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Variation in Environmental and Genotypic Sex-Determining Mechanisms Across a Latitudinal Gradient in the Fish, Menidia menidia
Irma V. Lagomarsino and David O. Conover
Vol. 47, No. 2 (Apr., 1993), pp. 487-494
Published by: Society for the Study of Evolution
Stable URL: http://www.jstor.org/stable/2410066
Page Count: 8
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Models of environmental sex determination (ESD) usually assume that genetic influences on sex are polygenic, but the validity of this (or any other) form of genotype-environment interaction is virtually unknown. In the Atlantic silverside, Menidia menidia, sex is determined by an interaction between temperature and genotype and the response of sex ratio to temperature differs among populations from different latitudes. We examined the genetic basis of this pattern by measuring among family variation in the proportion of females, F/(F + M), within and among high (21⚬C) and low (15⚬C) temperatures for two populations: one from Nova Scotia (NS) where the level of ESD is low, and another from South Carolina (SC) where the level of ESD is high. In NS fish, temperature had a significant influence on sex ratio in only 1 of 23 families. The distribution of the fraction of females within temperatures for families from NS was highly heterogeneous and tended to fall into distinct classes (0.0, 0.25, 0.5, 1.0) like that expected from Mendelian segregation of a major sex factor(s). In contrast, temperature had a highly significant influence on sex ratio in all SC families examined (N = 24). Family sex ratios within temperatures were highly heterogeneous and, at least at 15⚬C, did not conform to simple Mendelian ratios. At 21⚬C, the proportion of females in most SC families was near zero and so the underlying sex tendencies of different families could not be discerned. Based on a previous study, mid-latitude fish appear to have an intermediate form of sex determination: simple Mendelian sex-ratio patterns exist and there is a moderate thermal influence on sex ratio in most but not all families. We suggest that sex determination in M. menidia is controlled by an interaction between major genetic factors, polygenic factors, and temperature and that the relative importance of each component differs with latitude. High latitude populations appear to have evolved a major sex-determining factor(s) that overrides the effect of temperature, and this factor(s) is lacking in low latitude populations.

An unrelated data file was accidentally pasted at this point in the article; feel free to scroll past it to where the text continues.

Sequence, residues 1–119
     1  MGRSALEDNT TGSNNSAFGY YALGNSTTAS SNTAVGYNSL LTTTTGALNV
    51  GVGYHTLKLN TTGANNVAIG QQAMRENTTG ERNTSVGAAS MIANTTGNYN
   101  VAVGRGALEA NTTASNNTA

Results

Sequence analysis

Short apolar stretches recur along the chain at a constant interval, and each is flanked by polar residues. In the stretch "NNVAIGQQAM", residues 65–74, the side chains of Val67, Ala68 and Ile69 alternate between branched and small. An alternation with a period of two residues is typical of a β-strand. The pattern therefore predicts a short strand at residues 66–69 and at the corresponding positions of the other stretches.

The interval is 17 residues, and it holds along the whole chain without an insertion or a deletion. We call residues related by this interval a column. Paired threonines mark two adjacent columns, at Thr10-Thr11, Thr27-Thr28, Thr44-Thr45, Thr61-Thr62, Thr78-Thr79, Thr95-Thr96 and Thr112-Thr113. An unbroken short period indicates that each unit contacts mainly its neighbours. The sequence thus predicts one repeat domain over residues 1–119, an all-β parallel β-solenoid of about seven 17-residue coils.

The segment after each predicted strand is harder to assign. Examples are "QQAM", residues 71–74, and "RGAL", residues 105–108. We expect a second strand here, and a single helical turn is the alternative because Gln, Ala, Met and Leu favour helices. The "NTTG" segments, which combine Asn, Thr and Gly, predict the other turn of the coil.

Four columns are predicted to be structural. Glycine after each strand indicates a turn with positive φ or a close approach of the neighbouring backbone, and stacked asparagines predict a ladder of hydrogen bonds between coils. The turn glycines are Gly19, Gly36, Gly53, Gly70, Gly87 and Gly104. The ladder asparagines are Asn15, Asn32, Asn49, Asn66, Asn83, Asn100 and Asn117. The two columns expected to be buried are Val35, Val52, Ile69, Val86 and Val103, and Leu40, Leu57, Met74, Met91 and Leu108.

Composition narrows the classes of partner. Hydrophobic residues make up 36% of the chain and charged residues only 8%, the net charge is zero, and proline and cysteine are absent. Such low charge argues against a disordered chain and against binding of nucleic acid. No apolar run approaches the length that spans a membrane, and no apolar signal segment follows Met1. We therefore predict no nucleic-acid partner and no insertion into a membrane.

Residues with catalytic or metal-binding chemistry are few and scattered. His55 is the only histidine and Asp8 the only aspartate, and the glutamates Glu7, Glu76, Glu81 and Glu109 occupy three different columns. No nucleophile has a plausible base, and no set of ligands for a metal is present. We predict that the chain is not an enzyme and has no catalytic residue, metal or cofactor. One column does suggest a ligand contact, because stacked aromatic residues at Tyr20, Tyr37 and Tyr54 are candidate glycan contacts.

Evolution © 1993 Society for the Study of Evolution